The massive explosion in the number of scams has produced a corresponding explosion in the number of referrals. Consequently, a long waiting list of complaints is piling up, and federal authorities likely cannot handle all the cases.
Threshold loss amounts for investigation and prosecution have increased. Losses under the millions of dollars may not be a priority. Federal authorities are more likely to accept a case investigated by a competent professional they know and who has done much of the legwork in support of the referral.
This leaves victims in very challenging circumstances. Private investigation and pursuit of these cases can be an option. In some cases, teams with the right mix of forensic investigative and tracing capability, coupled with an asset recovery attorney experienced in cryptocurrency investigations and law, can sometimes help locate lost coins and identify bad actors.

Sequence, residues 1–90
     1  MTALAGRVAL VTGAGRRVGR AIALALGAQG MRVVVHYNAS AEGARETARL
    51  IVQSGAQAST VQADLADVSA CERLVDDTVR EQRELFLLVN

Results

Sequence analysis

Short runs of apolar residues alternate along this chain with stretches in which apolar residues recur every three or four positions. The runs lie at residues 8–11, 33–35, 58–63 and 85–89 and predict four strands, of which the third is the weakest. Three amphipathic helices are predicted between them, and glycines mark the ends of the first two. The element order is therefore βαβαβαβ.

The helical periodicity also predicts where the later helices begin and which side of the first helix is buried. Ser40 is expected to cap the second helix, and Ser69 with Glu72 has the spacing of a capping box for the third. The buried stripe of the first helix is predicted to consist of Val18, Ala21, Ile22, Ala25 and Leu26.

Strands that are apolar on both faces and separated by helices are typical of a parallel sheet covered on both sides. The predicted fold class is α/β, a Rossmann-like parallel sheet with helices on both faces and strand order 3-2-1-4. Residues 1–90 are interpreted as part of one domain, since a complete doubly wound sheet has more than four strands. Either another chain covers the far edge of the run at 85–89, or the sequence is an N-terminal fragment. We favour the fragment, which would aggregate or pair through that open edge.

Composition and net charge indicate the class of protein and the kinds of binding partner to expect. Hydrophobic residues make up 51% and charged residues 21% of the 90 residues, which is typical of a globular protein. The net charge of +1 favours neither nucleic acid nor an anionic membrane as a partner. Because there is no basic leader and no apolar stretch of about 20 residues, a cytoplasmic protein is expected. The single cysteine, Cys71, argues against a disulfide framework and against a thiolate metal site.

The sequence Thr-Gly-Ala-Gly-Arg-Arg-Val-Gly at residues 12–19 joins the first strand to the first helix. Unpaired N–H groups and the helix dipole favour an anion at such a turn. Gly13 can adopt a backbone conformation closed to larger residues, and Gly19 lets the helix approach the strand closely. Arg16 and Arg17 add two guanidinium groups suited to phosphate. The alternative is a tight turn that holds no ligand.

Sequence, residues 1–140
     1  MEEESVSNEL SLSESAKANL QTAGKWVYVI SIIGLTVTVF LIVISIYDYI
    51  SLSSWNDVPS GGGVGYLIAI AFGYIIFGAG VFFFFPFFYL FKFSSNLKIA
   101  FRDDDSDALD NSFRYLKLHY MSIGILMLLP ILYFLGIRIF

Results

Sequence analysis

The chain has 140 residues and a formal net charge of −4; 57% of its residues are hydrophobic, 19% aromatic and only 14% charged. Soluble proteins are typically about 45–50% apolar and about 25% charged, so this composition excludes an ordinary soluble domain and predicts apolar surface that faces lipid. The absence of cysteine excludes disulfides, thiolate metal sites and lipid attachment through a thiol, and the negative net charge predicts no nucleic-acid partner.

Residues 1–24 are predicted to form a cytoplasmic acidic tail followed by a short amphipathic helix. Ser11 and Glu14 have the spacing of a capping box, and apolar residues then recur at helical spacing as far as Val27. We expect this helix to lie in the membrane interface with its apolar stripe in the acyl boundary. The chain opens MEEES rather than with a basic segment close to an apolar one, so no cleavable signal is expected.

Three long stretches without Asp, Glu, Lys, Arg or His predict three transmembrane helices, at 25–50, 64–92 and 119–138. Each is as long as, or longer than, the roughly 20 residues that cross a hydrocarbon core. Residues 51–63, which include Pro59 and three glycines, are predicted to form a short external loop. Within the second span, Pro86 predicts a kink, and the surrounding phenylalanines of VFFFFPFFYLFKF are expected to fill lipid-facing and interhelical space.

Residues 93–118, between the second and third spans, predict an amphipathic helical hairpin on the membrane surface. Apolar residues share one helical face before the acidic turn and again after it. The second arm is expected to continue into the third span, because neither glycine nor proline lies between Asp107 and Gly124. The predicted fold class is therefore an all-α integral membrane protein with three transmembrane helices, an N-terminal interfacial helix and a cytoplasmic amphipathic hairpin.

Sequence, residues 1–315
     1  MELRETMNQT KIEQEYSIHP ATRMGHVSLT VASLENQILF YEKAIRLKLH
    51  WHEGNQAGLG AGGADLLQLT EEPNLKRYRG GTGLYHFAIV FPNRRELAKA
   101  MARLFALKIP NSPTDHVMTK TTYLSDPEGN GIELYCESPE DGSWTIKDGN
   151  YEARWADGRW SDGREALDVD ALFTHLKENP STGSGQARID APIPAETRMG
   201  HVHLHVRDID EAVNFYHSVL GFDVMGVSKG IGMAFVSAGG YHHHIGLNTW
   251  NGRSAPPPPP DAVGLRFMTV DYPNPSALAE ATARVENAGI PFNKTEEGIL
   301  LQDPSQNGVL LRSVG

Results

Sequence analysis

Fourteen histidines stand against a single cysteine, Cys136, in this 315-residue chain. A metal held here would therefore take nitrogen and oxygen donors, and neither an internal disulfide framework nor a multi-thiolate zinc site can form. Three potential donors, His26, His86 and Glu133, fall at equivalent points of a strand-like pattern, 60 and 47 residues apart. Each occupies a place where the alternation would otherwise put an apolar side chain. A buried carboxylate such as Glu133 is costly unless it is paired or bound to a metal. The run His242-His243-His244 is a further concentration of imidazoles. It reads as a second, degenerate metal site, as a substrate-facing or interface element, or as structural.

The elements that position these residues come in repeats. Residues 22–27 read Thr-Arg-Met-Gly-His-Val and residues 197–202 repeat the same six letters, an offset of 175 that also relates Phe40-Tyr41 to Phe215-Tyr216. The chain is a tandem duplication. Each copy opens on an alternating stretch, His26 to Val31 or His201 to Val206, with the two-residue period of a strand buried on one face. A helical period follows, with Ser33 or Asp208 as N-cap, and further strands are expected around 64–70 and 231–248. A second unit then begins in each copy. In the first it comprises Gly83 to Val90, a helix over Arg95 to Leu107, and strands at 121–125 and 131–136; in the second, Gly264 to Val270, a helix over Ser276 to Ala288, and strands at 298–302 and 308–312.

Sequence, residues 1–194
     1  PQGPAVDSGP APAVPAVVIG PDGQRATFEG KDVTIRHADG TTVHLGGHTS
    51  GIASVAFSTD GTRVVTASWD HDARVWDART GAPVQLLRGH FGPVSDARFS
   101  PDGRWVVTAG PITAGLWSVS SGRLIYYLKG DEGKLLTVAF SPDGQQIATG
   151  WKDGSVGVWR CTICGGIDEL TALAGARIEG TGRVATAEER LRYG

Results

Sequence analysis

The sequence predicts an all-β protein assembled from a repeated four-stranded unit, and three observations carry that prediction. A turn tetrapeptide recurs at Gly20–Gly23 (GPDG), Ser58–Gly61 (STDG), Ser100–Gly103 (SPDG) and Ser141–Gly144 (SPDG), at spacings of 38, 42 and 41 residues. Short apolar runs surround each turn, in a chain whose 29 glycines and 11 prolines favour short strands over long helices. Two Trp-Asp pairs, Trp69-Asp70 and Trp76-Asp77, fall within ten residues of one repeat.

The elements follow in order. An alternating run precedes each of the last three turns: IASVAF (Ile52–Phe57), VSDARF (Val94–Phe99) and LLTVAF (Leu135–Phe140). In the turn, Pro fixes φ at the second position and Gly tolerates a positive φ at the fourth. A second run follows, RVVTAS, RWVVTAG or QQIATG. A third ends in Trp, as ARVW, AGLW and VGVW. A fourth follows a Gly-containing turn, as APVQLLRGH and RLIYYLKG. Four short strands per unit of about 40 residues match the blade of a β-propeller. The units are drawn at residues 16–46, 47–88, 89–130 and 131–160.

While recovering stolen crypto from a scammer’s private wallet is challenging, blockchain provides significantly useful information and evidence and presents avenues to possible recovery.
Unlike traditional money transfers with financial institutions, every blockchain transaction is publicly recorded and available to those who know how to search for it. Every transfer is traceable, and significant information about the transfer is memorialized on the blockchain.
Captured data includes the wallet address where the stolen crypto has been sent. The recipient’s address is available for identification by a trained specialist through the tracing process, which might reveal the stolen funds sitting in the criminal’s wallet.